. Pierre Bayle. Vol.1, Du pays de Foix á la cité d'Erasme. Vol.2, Hétéroxie et rigorisme. The Hague, 19631964. The standard reference work, by the acknowledged doyenne of Bayle scholarship. The first volume is a biography; the second, an analysis of Bayle's thought.

Thomas M. Lennon

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Pierre Bayle

Pierre Bayle

The French philosopher and skeptic Pierre Bayle (1647-1706) was the author of the Historical and Critical Dictionary. This unique philosophy source book was one of the most influential works during the 18th-century Enlightenment.

Pierre Bayle was born in the village of Carlat near the Spanish border. His father was a Calvinist minister. As a young man, Pierre was educated by the Jesuits at Toulouse, and under their influence he converted to Catholicism for a brief period. When Bayle returned to Calvinism, he traveled to Geneva to escape persecution as a heretic. There be became acquainted with the philosophy of René Descartes. In 1674 Bayle returned to France incognito and tutored in Paris and Rouen. The following year he became professor of philosophy at the Protestant University of Sedan, and when this school was suppressed in 1681, Bayle settled in Rotterdam, Holland, where he taught philosophy until his death.

With a certain irony Bayle insisted that he was a genuine Protestant in that he protested everything that was said and done. This skeptical attitude was a major motif of contemporary philosophy. Rationalism, as a new system of thought, consistently undermined the notion of authority both in ecclesiastical matters and in the philosophic opinions of the ancients. Positively, skepticism presented itself as the guardian of faith by showing the futility of all human reason. Derivatively, skepticism became aligned with humanism as a proponent of toleration in matters intellectual, political, and religious.

Famous Dictionary

Scholarship then was not what it is today. More than a few of the great minds of the 18th century owed all or much of their knowledge of the history of philosophy to Bayle's Dictionnaire historique et critique (1697; Historical andCritical Dictionary). Very early in his career Bayle conceived the notion of correcting errors in previous encyclopedias and of supplying information missing in standard reference works. The two volumes of the Dictionary contained more than 2, 500 pages of primarily biographical information arranged in alphabetical order, together with occasional articles on general subjects. By modern standards the Dictionary is a capricious, polemical, debunking work filled with long quotations and literary allusions in which there is little relation between the topic under discussion and the content. The texts are generally brief and accurate, with numerous citations of authorities in the margins.

The heart of the work is the critical notes that Bayle appended in small print at the bottom of the pages. These footnotes and notes on the notes often were 10 times as long as the original article. They include philosophical and theological digressions, attacks against personal enemies, and thorough skepticism. Bayle justified his attitudes by an appeal to the professional impunity of the scholar: "Let an historian relate faithfully all the crimes, weaknesses, and disorders of mankind, his work will be looked on as a satire rather than history. "For example, Bayle wrote a factual account of the life of the biblical king David. In the notes he pointed out that although David's life was divinely inspired his behavior by ordinary standards was completely immoral. The reader was left with a dilemma concerning the infallibility of Scripture, since "Either those actions are not good or actions like them are not evil."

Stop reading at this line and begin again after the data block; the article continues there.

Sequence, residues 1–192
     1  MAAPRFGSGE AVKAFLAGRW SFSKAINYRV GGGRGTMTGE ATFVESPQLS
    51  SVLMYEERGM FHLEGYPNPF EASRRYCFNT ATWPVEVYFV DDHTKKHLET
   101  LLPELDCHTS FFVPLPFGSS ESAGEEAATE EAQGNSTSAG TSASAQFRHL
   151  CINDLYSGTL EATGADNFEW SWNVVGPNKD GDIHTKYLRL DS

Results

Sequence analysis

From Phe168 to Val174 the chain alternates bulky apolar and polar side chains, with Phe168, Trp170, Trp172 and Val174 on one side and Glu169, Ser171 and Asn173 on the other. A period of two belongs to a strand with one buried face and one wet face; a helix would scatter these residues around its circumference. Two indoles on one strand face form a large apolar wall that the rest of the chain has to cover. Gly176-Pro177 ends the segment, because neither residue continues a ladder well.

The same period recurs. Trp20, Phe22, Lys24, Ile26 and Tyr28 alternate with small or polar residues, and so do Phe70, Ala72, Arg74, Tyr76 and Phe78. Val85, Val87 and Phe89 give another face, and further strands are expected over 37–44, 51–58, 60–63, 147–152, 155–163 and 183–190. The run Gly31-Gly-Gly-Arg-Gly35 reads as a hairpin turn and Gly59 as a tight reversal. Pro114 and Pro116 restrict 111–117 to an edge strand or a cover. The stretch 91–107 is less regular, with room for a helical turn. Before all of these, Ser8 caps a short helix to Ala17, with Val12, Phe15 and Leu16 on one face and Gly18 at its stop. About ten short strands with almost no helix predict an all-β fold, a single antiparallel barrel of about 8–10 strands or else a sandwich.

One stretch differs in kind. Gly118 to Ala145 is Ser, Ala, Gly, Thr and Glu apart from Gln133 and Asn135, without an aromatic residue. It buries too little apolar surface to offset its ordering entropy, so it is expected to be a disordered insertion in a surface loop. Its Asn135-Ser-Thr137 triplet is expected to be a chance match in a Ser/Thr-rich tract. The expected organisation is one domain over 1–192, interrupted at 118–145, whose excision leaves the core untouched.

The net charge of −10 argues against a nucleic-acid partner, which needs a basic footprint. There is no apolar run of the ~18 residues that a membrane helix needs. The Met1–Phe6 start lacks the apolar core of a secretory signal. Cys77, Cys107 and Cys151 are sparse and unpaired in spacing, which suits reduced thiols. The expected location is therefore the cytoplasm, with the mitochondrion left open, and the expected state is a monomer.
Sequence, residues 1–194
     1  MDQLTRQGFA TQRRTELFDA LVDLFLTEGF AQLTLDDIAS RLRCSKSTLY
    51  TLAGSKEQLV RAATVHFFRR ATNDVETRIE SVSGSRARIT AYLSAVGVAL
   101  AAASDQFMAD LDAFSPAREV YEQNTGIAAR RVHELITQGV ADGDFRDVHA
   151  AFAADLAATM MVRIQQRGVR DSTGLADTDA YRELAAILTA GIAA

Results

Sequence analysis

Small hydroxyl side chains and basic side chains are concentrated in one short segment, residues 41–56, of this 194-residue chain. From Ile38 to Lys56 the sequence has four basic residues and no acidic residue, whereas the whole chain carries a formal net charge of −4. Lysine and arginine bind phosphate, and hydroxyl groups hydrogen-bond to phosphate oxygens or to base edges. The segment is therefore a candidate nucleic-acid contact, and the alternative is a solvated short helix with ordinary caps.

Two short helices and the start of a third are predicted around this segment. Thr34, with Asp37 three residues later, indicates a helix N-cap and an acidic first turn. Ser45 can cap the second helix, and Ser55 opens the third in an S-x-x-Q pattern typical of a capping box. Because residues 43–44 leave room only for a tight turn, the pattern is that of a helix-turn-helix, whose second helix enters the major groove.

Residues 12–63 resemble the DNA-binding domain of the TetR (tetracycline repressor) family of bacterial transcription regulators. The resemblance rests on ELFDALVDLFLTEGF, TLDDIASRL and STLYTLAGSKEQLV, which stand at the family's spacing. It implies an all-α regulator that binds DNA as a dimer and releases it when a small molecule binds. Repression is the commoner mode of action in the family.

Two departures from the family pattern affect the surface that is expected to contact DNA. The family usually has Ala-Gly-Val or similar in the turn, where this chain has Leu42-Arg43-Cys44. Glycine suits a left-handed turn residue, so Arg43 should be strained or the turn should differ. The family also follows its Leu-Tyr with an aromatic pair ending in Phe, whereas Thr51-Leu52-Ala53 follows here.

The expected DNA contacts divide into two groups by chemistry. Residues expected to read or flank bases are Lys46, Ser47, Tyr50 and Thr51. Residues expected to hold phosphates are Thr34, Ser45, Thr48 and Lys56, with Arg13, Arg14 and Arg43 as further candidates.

The reaction to the Dictionary was instantaneous; Bayle was both famous and infamous. The work was placed on the Index by the Roman Catholic Church and condemned by the Dutch Reformed Church. Promising revision, Bayle amended the work, and a second edition appeared in three volumes in 1702. Printers incorporated the original articles with the amended versions, and by 1720 the work had grown to four volumes. It became, in the words of one critic, "the Bible of the eighteenth century."

Further Reading

A full-length study of Bayle in English is Howard Robinson, Bayle, the Skeptic (1931). Additional studies which relate him to his milieu or to other figures include Leo Pierre Courtines, Bayle's Relation with England and the English (1938); Paul Hazard, The European Mind, 1680-1715 (trans. 1953); H. T. Mason, Pierre Bayle and Voltaire (1963); Walter Rex, Essays on Pierre Bayle and Religious Controversy (1965); and Karl C. Sandberg, At the Crossroads of Faith and Reason: An Essay on Pierre Bayle (1966). For the intellectual background of the period see Ernst Cassirer, The Philosophy of the Enlightenment (1951), and Lester G. Crocker, An Age in Crisis: Man and World in Eighteenth Century Thought (1959).

Additional Sources

Labrousse, Elisabeth, Pierre Bayle, Dordrecht; Boston: M. Nijhoff: Distributors for the U.S. and Canada, Kluwer Academic Publishers, 1985. □

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Bayle, Pierre

Pierre Bayle (pyĕr bāl), 1647–1706, French philosopher. Born a Huguenot, he converted to Roman Catholicism and then returned to Protestantism. To avoid French intolerance of Protestants, he moved in 1681 to Rotterdam, where he lived for most of the rest of his life. Trained as a philosopher and with a strong background in theology, Bayle supported Calvinism but was also an advocate of religious toleration, contending that morality was independent of religion. Bayle was renowned for his trenchant skeptical attacks against leading religious, metaphysical, and scientific theories of his day. He held that attempts to construct rational explanations of the world were bound to lead to absurd conclusions. His chief work was Dictionnaire historique et critique (1697), a compendium of biographies with comprehensive and detailed criticisms by Bayle. His views had a profound influence on the French and German Enlightenment, especially on the authors of the Encyclopédie and on the English deists.

See C. Brush, Montaigne and Bayle (1966) and E. Labrousse, Bayle (1983).